Yo,u indicated that the PDT using cold laser is a "much, much lower " possibility of causing damage of central vision but your answer does not rule it out. This is why I worry about the PDT with one eye already out of action. Would not the use of just Avastin or Lucentis shots be a safer procedure?

You are correct; the use of Visudyne/PDT does not guarantee maintenance of vision. In it's safety and efficacy trials, Visudyne/PDT was found to be associated with a lower incidence of vision loss in certain types of lesions related to age-related macular degeneration (ARMD). The point that can be taken from this data is that there is a much more significant risk of the wet ARMD taking the vision than the PDT/Visudyne.

 

Yes, the use of Avastin and/or Lucentis does not utilize laser and therefore there is no risk of laser burns to the retina, period. However, they are also not benign treatments. The risk of overwhelming eye infection from these is still a concern. While many people just use Avastin and/or Lucentis to manage these lesions, it is possible that your doctor has found through experience that using this Triple Protocol has shown more demonstrable and predictable results with your particular type of lesion.

 

That being said, despite this information, if you still have significant concerns, there is nothing wrong with talking to your doctor and telling him/her that you would prefer to have just the Avastin or Lucentis injections for now. If you have been having them and there has not been a significant enough response, then that may be another reason why he/she would want to use this Triple protocol.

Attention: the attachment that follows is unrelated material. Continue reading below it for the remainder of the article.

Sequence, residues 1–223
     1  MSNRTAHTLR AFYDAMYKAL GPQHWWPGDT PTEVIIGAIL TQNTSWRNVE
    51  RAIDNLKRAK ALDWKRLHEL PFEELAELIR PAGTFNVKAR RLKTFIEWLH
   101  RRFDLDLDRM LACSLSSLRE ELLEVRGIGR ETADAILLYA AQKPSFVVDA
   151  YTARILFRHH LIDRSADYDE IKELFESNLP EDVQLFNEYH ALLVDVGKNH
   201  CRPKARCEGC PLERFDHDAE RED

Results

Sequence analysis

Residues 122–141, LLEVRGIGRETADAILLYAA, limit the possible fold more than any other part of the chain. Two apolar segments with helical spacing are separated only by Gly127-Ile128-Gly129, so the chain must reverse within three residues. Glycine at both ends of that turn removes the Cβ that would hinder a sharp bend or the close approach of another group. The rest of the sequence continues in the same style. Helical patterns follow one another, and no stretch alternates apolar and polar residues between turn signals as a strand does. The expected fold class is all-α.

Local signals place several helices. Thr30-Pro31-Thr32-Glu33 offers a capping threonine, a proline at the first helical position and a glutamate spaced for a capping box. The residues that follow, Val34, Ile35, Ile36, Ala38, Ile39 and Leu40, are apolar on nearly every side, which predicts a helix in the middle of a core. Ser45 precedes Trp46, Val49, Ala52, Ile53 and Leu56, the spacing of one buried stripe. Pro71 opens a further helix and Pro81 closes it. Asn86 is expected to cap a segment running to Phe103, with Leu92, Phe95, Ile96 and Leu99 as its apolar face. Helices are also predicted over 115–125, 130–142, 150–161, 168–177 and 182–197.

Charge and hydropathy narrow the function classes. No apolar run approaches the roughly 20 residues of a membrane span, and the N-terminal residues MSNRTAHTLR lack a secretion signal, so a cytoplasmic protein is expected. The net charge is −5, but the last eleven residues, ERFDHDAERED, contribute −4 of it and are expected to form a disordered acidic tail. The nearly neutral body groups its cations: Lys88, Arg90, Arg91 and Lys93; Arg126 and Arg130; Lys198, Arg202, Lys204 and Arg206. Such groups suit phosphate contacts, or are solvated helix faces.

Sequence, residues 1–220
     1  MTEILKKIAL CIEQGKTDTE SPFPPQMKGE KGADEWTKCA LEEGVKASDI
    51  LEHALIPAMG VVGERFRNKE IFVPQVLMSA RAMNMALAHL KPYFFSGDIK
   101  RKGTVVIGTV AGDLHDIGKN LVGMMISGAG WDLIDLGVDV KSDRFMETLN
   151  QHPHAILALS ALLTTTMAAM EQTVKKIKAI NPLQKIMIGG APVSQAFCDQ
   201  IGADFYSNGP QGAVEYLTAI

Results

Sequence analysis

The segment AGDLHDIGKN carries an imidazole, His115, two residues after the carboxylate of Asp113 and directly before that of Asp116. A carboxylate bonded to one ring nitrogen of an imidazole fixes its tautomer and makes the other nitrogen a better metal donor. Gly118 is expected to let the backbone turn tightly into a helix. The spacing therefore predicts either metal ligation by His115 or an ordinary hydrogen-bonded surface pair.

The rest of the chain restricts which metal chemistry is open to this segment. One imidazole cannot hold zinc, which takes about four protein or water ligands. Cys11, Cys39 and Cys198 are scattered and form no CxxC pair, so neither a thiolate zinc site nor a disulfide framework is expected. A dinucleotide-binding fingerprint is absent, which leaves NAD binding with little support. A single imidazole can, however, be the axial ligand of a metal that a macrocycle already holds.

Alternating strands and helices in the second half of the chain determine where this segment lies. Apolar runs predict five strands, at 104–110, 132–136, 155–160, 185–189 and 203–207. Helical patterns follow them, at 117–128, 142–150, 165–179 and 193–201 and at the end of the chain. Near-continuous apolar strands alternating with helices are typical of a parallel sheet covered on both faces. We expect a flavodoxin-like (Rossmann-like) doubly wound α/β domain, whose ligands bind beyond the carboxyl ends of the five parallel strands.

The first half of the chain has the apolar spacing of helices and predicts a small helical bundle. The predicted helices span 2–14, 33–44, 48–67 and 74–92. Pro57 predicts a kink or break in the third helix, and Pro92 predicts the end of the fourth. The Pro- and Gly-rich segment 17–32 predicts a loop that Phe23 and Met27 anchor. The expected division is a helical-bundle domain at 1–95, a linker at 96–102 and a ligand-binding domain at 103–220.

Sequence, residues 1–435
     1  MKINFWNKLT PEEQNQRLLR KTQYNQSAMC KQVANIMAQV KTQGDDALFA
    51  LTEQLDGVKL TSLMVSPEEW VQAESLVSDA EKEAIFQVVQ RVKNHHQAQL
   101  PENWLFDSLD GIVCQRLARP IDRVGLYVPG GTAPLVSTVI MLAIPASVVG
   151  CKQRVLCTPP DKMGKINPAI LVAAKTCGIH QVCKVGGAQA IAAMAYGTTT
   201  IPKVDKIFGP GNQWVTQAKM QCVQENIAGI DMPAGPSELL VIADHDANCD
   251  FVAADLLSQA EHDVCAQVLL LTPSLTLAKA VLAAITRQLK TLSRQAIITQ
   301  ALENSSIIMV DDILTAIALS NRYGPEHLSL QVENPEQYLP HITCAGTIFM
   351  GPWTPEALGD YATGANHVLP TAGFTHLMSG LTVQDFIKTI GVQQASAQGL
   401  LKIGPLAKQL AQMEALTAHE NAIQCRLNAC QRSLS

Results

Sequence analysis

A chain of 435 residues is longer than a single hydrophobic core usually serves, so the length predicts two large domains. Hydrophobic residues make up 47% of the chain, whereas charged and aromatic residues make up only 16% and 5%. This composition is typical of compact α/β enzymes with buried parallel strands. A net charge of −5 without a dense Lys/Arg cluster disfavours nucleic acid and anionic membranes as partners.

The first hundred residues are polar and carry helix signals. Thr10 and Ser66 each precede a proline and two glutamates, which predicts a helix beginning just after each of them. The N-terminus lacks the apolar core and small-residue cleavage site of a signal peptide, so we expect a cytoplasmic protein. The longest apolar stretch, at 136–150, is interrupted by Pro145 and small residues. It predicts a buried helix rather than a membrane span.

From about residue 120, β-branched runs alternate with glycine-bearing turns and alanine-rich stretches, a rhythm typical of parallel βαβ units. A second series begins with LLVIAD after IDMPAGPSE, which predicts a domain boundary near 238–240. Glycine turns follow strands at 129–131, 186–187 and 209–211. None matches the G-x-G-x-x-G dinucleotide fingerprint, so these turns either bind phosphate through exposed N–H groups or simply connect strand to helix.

Fundamentally, though, the risk of vision loss with PDT/Visudyne as compared to photocoagulative laser is significantly lower. It does not approach zero, but then again none of these treatments are without risk of potential vision loss.

 

Does that make sense?

 

Dr. Dan B. and other Eye Specialists are ready to help you
Customer: replied 5 years ago.
I understand your answer. Any medical procedure cannot be stated ir affirmed as 100 per cent a sure thing but there must be statistics on the initial results of using PDT on patients with central vision as to any loss incurred to that central vision as a result of the ldcold laser beam use. My retinal Dr doing the procedure seems to stand on the fact that there will be no damage. Do you believe that I shoud get a second opinion via another examination of the left eye as to leak location and treatment? I would be devestated to lose any central vision in my only seeing eye since I am a very active senior.

I'm sorry it has taken me so long to get back to you. I have been on an emergency call at the hospital. In two of the initial studies regarding PDT/Visudyne, there was a 1.4% incidence of what is called acute severe visual acuity decrease (ASVAD) in which only 10% regained some vision after this. This was usually seen in patients whose vision was 20/50 or better. So yes, there is some risk.

 

As far as a second opinion, I never think second opinions are a bad idea, especially when there is concern over the recommended treatments. It is a win-win situation; if the same treatment is recommended you can have more confidence in what is being recommended. If something different is recommended you have more information upon which to base your decision.